Facebook marketing case study
Posted by laracaine
Since the smoking ban was rolled out across the US, UK, and much of Europe, the face of smoking has changed inexorably. On the one hand, science tells us that the act of inhaling a paper tube of tobacco leaf, tar, polonium-210, arsenic, formaldehyde, and hydrogen cyanide is a very unhealthy thing to do. On the other hand, careful marketing and generations of film stars and celebrities have reinforced the message that there is something undeniably cool about lighting up and exhaling a few seductive tendrils of bluish smoke. It is not surprising, therefore, that those with an aesthetic attraction to the art of smoking have responded to the smoking ban in force. The result is Vaping, and it has taken social media marketing by storm.
Vaping is a simple concept. Users buy bottles of liquid nicotine and an assortment of paraphernalia that can be anything as simple as a ready-made pipe to a complex array of wicks and coils that can be self-constructed into a vaporising device. The pipes themselves come in an array of styles, from handcrafted wood to found objects to elaborate steampunk inspired designs. The real money, however, is in the different flavours, which are known as juice. In the US these can sell for up to $30 a pop despite costing virtually nothing to produce, and the trend is spreading to the UK. The sheer variety of possible flavours is what makes this so attractive for Facebook as a marketing platform. For instance, UK based company Vape-It has a weekly ‘Free Friday Flavour’ for everyone who ‘likes’ its page (for example Peach Lemonade). Rewarding people for visiting Facebook sites with free gifts or prizes has proven to be a great way to find and keep followers, and the idea of a small, local, off-the-radar company accessible by a Facebook page has huge marketing appeal.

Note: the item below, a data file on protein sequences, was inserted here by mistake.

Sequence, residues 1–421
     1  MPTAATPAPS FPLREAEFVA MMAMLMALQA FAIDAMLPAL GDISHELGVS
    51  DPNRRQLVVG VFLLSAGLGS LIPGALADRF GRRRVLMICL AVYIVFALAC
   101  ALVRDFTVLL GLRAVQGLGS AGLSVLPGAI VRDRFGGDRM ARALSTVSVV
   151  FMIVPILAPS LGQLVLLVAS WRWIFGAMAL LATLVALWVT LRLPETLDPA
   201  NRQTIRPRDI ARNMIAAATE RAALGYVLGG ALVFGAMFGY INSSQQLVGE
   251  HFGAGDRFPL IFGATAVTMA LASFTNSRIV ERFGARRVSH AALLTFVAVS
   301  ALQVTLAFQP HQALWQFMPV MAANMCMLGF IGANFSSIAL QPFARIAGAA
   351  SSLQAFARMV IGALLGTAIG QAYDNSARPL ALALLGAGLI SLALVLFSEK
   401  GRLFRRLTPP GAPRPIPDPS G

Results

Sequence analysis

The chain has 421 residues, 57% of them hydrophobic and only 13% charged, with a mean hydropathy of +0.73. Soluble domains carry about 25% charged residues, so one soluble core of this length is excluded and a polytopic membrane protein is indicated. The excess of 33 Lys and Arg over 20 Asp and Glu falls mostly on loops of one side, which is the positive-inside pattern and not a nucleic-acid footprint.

The small company Vape-It uses Facebook to update followers about changes to their main website, to provide links to new products, and also for their own market research purposes. For instance, just like larger companies like Marmite smaller companies can use the tactic of opening up social media debates into the best flavours, the best ways of using a product, packaging preferences, and gaps in the market. This activity, which is incredibly low cost, allows fledgling companies to interact closely with their target audience whilst learning a considerable amount about their market’s preferences.
In this way a small company or new brand is able to have comparatively high levels of marketing visibility whilst directly gaining from the audience exchange.